We first settled in a trailer park near Fort Bliss and I did not make friends. Nobody looked like me, nobody talked like me. I felt like an outcast. My new school (Basset Middle School) was especially tough….there were fights there on the daily, usually breaking out in between classes between the main school building and the portables. A lot of times those fights involved lengths of large metal chains the students had brought to school. Random locker searches were the norm. I got in a few fights myself and soon found out the hard way that my scrappy style was no match for these military and Mexican kids.
I retreated even further into myself and my hatred of El Paso–this horrible place my mother had dragged me to—grew. I spent all my time reading books as a form of escape and hiding in the library so I wouldn’t say something that would get me into another fight.
For whatever reason (again, involving a no-good boyfriend), we soon were on the move again, this time, down I-10 to Socorro. Things got moderately better by the time we moved to my grandparents’ abandoned trailer, but by then, my hatred had hardened and coupled with just general pre-teen/teenager surliness, I continued to hold out to the charms of El Paso.
In fact, it wasn’t until much, much later—like, when I was in my late 30s—that I could finally admit that El Paso was, in fact, a unique and wonderful place.
I can now admit that the Franklin Mountains are a nice place to go for an evening drive and the giant lighted star is really something special. I slowly embraced the fact that the desert landscape that I had so detested, was actually incredibly beautiful and calming. I appreciate (in hindsight) that in the desert, you can smell the rain before it comes and when the sky finally does split open, it’s a miraculous, powerful thing. I’ve come around to (even if I don’t always practice) “manana syndrome,” because, really, can’t most things wait?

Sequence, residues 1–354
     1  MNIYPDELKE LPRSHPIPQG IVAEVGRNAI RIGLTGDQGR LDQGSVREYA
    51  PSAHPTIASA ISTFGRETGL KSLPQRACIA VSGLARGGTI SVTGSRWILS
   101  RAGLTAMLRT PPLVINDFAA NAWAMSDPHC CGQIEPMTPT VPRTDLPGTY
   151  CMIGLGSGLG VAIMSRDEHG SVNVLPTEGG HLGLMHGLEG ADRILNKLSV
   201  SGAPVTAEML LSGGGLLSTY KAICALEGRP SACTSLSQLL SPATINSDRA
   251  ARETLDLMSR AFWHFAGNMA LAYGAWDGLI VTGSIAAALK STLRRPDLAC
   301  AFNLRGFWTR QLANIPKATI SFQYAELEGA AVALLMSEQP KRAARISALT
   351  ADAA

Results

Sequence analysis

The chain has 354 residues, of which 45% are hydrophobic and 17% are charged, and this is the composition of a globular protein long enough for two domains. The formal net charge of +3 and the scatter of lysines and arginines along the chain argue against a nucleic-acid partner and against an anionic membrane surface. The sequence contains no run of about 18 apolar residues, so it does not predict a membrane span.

And, I am now oh-so-grateful to have had the opportunity to grow up in a border town, crossing easily back and forth over the bridge to enjoy all the best of both cultures—everything from late night rolled tacos at Chico’s Tacos in El Paso to dancing the night away and drinking 25 cent Colorado Bulldogs at the Kentucky Club in Juarez.
But most of all, I am now proud to call myself an El Pasoan because of the wonderful people that live there. El Pasoans are generally – with the exception of a few classmates early on — very welcoming and friendly. Those traits and that openness was wasted on my surly teenaged self, but slowly my walls have melted. I now appreciate El Pasoans’ focus on family and friends, the willingness to help out a neighbor or your daughter’s best friend, without expecting or asking for anything in return.
So, of course, the news that someone from outside the El Paso community would come in and kill innocent families out shopping for back-to-school supplies is just devastating. It would be—and is—devastating that such senseless violence happens in any community. But for it to happen in the El Paso community—which is so diverse and so warm and so open and so welcoming—it is especially galling and just egregious. It’s the last place you would expect something like this to happen. But we all know, it won’t be the last place that something like this happens.